A "disgruntled employee" killed two Walmart colleagues and wounded a responding police officer Tuesday in far northwest Mississippi, authorities said.
The deadly incident started at about 6:32 a.m. at the superstore before another responding officer eventually wounded the shooter, who was then taken into custody, a Southaven police dispatcher said.
Two employees were "senselessly murdered this morning in our city," Southaven police Chief Macon Moore told reporters. Southaven is a suburb of Memphis, Tennessee, which is about 16 miles away.
"These people were doing the same thing that you and I do every day, showing up for work in an attempt to provide for their families, then became the victims of a senseless violent act," Moore said.
The first 911 calls came in at 6:33 a.m. and officers arrived at 6:36 a.m., police said. Two officers exchanged fire with the suspect, whom they found in the store's parking lot, Moore said.
The shooter, who has not yet been named by authorities, wounded one officer before the other brought him down, according to Moore.
"One of our officers was shot at this time. He was saved by his vest," Moore said. "At this point, the suspect was engaged by another officer. He was struck twice by gunfire from our officer. He was taken into custody."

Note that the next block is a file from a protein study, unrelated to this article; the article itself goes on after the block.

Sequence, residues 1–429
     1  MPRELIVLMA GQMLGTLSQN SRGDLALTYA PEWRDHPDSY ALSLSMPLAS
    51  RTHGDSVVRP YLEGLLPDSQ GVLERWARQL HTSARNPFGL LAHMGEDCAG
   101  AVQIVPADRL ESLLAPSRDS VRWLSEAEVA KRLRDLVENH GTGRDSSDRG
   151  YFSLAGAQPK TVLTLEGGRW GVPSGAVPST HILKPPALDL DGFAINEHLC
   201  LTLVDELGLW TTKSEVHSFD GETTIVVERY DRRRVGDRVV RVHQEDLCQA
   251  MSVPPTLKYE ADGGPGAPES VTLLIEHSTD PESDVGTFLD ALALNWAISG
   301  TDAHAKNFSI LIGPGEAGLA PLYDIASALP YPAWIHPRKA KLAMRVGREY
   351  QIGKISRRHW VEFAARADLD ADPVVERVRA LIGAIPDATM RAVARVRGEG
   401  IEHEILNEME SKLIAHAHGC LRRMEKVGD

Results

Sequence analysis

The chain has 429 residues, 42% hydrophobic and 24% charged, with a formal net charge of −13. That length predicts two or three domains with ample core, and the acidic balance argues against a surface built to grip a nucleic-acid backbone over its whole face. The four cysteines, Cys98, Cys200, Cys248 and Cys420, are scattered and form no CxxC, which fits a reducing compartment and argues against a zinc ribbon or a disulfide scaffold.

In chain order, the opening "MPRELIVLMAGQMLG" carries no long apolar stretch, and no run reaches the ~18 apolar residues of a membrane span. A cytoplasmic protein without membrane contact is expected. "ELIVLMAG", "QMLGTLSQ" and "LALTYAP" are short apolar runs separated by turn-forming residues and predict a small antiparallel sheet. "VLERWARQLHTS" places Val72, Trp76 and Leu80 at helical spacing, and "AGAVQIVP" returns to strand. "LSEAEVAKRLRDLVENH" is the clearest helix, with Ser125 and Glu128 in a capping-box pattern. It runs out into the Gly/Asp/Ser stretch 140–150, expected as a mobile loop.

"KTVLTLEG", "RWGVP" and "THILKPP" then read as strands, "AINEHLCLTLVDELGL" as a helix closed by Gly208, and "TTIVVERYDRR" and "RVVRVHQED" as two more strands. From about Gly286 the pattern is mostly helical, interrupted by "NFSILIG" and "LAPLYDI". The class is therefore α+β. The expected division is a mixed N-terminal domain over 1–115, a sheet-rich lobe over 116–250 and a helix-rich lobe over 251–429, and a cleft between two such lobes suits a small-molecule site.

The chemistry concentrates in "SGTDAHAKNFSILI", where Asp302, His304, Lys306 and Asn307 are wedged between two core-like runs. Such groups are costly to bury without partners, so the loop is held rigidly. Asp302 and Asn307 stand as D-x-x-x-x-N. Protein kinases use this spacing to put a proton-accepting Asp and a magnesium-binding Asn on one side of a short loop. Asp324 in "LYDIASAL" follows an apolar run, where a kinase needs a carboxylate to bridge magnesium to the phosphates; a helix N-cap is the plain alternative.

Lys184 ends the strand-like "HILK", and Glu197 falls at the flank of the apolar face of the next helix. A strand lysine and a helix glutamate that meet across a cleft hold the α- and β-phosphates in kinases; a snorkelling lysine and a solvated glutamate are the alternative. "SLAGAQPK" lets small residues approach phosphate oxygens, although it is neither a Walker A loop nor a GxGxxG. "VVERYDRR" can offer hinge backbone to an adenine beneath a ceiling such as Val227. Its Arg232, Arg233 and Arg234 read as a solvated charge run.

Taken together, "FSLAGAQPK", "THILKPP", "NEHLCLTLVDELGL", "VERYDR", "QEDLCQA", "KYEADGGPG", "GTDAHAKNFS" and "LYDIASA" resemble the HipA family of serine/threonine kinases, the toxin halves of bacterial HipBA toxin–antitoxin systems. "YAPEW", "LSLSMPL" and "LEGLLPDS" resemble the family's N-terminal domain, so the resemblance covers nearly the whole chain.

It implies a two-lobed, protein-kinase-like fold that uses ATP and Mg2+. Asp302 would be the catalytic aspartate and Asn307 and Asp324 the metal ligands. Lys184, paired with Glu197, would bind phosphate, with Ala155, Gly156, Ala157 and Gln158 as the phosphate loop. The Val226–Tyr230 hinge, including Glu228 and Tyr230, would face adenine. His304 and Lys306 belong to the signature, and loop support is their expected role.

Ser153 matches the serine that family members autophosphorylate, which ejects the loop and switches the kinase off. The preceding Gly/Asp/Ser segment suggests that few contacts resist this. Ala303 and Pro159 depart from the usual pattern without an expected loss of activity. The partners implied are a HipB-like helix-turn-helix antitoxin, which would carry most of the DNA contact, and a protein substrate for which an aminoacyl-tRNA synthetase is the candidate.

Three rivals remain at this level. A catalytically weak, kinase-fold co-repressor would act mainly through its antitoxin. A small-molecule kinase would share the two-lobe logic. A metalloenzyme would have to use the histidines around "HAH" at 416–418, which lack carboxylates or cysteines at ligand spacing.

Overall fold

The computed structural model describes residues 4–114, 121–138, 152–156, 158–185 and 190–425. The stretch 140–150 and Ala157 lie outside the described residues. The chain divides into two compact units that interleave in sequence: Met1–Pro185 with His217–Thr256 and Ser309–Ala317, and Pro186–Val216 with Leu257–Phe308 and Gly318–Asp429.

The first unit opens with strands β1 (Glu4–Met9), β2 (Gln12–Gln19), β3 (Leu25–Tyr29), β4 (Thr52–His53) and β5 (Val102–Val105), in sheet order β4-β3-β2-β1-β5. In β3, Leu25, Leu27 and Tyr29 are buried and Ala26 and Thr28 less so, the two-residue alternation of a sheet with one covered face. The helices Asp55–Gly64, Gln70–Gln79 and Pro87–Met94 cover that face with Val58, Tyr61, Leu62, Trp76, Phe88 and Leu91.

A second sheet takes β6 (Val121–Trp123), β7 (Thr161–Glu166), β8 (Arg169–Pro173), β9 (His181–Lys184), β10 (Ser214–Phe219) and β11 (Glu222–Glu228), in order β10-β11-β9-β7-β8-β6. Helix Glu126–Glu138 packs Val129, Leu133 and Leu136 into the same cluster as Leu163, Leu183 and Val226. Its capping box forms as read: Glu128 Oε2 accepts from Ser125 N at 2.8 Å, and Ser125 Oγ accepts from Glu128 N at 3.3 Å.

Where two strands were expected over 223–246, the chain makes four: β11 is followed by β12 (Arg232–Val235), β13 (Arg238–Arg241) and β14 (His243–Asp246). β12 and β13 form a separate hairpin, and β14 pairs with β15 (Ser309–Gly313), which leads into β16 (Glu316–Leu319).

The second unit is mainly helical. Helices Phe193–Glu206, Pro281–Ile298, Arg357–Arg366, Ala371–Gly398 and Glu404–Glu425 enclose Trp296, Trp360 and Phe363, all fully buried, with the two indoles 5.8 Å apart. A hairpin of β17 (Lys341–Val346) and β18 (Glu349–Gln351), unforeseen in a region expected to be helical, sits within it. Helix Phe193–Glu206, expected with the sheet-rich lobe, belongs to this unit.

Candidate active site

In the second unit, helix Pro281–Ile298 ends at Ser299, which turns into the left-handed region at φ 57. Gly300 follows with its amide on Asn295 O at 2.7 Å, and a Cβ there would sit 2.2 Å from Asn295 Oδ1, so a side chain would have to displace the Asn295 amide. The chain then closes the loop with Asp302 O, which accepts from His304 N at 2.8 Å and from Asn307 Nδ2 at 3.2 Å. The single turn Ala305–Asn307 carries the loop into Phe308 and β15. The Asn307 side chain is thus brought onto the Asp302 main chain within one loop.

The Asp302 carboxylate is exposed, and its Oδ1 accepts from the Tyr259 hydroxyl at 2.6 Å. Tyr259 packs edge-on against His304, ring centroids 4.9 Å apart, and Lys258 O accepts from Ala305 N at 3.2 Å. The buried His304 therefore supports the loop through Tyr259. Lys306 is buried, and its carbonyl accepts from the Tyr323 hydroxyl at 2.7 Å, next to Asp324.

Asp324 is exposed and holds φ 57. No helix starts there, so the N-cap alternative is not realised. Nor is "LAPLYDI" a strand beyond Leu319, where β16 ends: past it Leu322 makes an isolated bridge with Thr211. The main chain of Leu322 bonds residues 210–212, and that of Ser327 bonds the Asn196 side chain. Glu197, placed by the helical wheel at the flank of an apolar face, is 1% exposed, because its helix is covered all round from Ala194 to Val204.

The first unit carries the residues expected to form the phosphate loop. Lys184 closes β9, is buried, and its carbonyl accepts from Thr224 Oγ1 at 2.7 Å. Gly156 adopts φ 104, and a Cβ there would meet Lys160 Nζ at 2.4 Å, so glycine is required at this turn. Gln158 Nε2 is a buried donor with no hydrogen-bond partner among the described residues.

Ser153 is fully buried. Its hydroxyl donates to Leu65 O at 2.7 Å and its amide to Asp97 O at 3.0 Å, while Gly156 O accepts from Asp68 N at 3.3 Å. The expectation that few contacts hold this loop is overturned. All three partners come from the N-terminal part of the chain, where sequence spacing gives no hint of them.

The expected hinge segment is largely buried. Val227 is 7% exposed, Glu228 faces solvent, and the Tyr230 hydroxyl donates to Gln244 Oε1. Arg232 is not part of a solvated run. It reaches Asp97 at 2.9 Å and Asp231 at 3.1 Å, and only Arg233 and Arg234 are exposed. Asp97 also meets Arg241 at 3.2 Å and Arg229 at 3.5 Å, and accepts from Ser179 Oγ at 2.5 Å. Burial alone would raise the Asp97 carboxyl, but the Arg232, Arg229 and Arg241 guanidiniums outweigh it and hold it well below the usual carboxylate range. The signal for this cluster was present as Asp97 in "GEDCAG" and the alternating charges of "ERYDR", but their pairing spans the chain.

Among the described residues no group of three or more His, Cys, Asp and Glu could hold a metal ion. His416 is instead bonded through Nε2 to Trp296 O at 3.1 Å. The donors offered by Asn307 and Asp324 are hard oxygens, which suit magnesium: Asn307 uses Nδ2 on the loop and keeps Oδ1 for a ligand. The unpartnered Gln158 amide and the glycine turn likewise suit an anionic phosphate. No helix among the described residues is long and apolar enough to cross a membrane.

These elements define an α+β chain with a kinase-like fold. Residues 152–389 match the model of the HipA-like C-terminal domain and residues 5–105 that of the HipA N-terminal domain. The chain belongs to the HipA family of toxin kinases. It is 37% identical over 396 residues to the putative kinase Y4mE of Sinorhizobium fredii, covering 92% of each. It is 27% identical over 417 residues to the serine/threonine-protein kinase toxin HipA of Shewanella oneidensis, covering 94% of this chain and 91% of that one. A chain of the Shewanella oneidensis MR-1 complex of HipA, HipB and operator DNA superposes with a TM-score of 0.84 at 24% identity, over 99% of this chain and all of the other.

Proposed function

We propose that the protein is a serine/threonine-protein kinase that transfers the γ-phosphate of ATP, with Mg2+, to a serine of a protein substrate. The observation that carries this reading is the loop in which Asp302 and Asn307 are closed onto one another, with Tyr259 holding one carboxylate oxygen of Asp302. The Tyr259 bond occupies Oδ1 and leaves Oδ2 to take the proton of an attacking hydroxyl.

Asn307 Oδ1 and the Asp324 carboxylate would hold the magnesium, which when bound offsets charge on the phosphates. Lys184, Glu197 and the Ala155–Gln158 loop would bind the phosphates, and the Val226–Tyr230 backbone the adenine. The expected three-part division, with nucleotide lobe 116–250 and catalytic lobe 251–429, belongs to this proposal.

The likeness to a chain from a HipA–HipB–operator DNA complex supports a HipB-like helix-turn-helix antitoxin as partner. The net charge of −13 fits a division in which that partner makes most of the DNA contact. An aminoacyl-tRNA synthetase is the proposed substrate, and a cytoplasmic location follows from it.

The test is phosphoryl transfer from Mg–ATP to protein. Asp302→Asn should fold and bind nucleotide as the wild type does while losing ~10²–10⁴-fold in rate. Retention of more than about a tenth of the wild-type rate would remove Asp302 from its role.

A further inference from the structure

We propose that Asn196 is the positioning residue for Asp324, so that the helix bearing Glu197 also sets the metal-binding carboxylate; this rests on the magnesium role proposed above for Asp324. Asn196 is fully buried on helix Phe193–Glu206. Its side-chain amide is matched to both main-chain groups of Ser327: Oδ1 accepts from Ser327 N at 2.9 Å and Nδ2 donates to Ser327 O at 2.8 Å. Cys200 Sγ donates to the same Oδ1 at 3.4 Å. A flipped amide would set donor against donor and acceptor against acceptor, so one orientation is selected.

The suspect was in surgery late Tuesday morning, officials said. Hours after the attack, a bomb squad was still on the scene examining a suspicious package.
Southaven Mayor Darren Musselwhite called the shooter a "disgruntled employee" with "a personal grievance with his employer."
Officials said there were 60 employees inside the store when the gunfire started.
Just two weeks ago, Southaven police and firefighters conducted an active shooter simulation, according to Moore and Musselwhite.
Customer Phil Cox, 70, had just left that Walmart when he heard a gunshot near him in the parking lot, turned and saw a man, no more than 40 feet from him, sprinting into the store. That man was later identified as the gunman, according to the witness.
"We were within milliseconds of being very close to him, coming right at him and maybe being in the line of fire," Cox, a resident of Forrest City, Arkansas, who had spent the night at nearby Baptist Memorial Hospital-DeSoto taking part in a sleep research program, told NBC News.
"Now that we've had some time to think about it, it's alarming we were that close," he said.